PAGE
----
Update on COVID 19 at California Mens Colony West, Aug. 1, 2020

Moore, Stan

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Update on COVID 19 at California Mens Colony West, Aug. 1, 2020 Today is August 1, 2020. We are well into the COVID 19 pandemic. The surrounding county of San Luis Obispo is in red alert with more active cases of COVID 19, more hospitalizations, and more fatalities than ever before. If COVID 19 is to get into the prison population, it will be vectored via officers and staff bringing in the virus from outside the prison. So at 7:00 am I am outside my dormitory waiting for the chow line to form at the chow hall next door. The delivery truck from the kitchen is backed into the loading dock at the chow hall and inmates are offloading the stainless steel carts containing this morning's breakfast. Meanwhile, three officers and the five staff truck drivers are huddled together closely -- well within six feet of one another, shooting the bull. Not one of these potential vectors of COVID 19 is wearing a mask at all. No masks are even wrapped around their necks or apparent at all. If one has picked up the virus and is asymptomatic, the other three will likely pick up the infection and pass it into the dorms, the program office, etc. I have long since filed my 602 grievance form asking for early release from prison on the grounds of my age (64 y.o.), my medical fragility (Stage 4 prostate cancer and diabetes) and ineffective mitigation of COVID 19 at my facility. My petition has been denied at the first two levels and is now in the hands of Sacramento, where I expect it to be denied once and for all. The ground for denial are that numerous measures have been taken and are in effect to protect prisoners like me from the coronavirus COVID 19. There are two basic problems with CDCR COVID 19 mitigation. The first is that some of the mitigation techniques have little or no chance of mitigating the virus. For instance, painting lines on the dormitory floor to establish imaginary "pods" can not possibly halt the spread of the virus, even if there are now six places where adjacent bunks are now separated by six feet. Those lines and separation of bunks in no way prevent inmates from walking at any time day or night to within 6 feet of any other prisoner in the entire dormitory. And prisoners do move around day and all night en route to the day room, the front door, the bathroom, shower, office, etc. There is no meaningful protection from the spread of COVID 19 "within" the dormitory. But there are at least eleven extra prisoners living in the dorm compared to pre-COVID 19 conditions. Each new prisoner to the dorm increases risk of exposure to COVID 19 to the dorm population because all move about the yard and facility where they can be exposed to the virus brought in by some officer, nurse, truck driver, kitchen free staff worker, librarian, etc. p.2 Just now I went to the bathroom to wash my hands after breakfast. There was absolutely no hand soap in either one of the two stainless steel soap dispensers. Yet in the second denial of my 602 grievance, Associate Warden McQuaid claimed that all soap dispensers are refilled daily. I knew that this was a 100% false statement, but I asked other inmates in my dorm if I was missing something, and I asked other inmates in other dorms if they had hand soap every day as A.W. McQuaid asserted. Every prisoner I asked told me what I already had seen and knew after living in this facility for over 5 years. Soap dispensers are almost never filled and almost never contain hand soap -- COVID 19 pandemic or not. Associate Warden McQuaid, who told me in her denial of my 602 grievance that the hand soap dispensers were kept full daily, and that the "pods" protect me from COVID 19, and that the officers are instructed to wear masks at all times, also believes that temperature screening of all prison employees and staff arriving for work every day also protects me from COVID 19. But recently my primary care physician, Dr. Guiang, told me that 10 nurses at the CMC West clinic had tested positive for COVID 19 when all staff were tested recently. All were sent home to recover, but all had been screened upon entering the facility daily by taking their temperature at the point of entry and had been considered "safe" to enter the facility -- where when tested medically they were found to be positive for COVID 19. What is wrong with Associate Warden McQuaid and with the CDCR as an entity that allows her/them to believe such fantasies are a charades that they are effectively mitigating COVID 19. The sad reality is that the CDCR personnel, including AW McQuaid and all the rest believe that if a policy is placed into official writing, it must be true. They think that if they say officially that the COVID 19 virus is mitigated, then it is. They never bother to investigate compliance with their directives on any meaningful scale. If they come into the facility to perform a perfunctory investigation, the program sergeant announces their arrival in advance with a stern warning, to wear masks, etc. or else. The truth is suppressed. And AW McQuaid's fat state pay check depends on her belief system that she is keeping the prison safe. And so she believes it, and she denies my grievance and many others Yet I know what I see around here everyday, including today Stan Moore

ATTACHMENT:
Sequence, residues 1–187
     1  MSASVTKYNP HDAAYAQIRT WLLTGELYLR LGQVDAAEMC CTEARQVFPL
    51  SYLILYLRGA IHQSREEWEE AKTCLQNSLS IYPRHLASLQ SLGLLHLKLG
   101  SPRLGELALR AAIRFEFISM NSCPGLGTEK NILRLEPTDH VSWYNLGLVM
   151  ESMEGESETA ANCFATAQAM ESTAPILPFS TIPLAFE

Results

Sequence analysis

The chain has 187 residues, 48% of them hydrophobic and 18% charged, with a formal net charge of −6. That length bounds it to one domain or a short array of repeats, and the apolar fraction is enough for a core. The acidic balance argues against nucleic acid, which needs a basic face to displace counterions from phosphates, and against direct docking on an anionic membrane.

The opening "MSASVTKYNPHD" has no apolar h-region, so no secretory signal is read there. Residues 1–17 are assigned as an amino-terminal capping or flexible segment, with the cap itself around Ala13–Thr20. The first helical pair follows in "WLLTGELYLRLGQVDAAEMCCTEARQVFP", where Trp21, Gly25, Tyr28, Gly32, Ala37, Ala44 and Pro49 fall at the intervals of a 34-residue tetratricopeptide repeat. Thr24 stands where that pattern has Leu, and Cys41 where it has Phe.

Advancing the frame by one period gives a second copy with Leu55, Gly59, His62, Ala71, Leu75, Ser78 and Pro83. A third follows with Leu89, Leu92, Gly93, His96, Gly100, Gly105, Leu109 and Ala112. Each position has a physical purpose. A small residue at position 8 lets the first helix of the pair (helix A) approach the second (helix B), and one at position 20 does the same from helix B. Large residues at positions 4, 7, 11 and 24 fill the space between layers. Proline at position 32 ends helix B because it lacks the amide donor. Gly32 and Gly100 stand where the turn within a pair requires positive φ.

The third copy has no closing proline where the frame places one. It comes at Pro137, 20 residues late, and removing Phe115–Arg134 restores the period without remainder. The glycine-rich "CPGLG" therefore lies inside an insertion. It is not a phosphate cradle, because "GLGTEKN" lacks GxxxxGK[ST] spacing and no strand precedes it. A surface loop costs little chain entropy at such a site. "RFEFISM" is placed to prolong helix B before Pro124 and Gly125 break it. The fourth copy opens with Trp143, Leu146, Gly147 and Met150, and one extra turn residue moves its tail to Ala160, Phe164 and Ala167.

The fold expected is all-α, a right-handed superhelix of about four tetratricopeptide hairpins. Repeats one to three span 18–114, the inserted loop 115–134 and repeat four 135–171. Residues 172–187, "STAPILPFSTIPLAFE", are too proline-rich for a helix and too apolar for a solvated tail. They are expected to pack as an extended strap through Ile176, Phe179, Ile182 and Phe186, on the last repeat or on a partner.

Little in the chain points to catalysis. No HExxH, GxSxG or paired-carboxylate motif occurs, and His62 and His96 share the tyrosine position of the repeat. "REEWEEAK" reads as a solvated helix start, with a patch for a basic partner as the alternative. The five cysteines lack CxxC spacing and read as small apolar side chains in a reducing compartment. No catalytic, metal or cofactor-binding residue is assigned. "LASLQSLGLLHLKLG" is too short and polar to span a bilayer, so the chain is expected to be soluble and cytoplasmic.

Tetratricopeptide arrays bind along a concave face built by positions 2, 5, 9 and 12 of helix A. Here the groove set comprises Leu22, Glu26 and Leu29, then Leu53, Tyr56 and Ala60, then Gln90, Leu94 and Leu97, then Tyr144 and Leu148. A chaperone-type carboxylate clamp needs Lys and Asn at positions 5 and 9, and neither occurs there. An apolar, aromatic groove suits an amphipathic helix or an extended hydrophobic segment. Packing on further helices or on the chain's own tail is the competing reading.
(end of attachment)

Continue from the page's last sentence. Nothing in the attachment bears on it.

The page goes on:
Author: Moore, Stan

Author Location: California

Date: August 1, 2020

Genre: Essay

Extent: 4 pages

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